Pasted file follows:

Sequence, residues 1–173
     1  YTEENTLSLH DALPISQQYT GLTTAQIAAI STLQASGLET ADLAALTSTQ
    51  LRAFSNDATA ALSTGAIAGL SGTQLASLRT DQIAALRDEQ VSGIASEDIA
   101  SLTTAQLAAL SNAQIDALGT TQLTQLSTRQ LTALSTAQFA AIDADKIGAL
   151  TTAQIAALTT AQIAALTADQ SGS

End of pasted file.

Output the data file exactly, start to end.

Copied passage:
Sequence, residues 1–173
     1  YTEENTLSLH DALPISQQYT GLTTAQIAAI STLQASGLET ADLAALTSTQ
    51  LRAFSNDATA ALSTGAIAGL SGTQLASLRT DQIAALRDEQ VSGIASEDIA
   101  SLTTAQLAAL SNAQIDALGT TQLTQLSTRQ LTALSTAQFA AIDADKIGAL
   151  TTAQIAALTT AQIAALTADQ SGS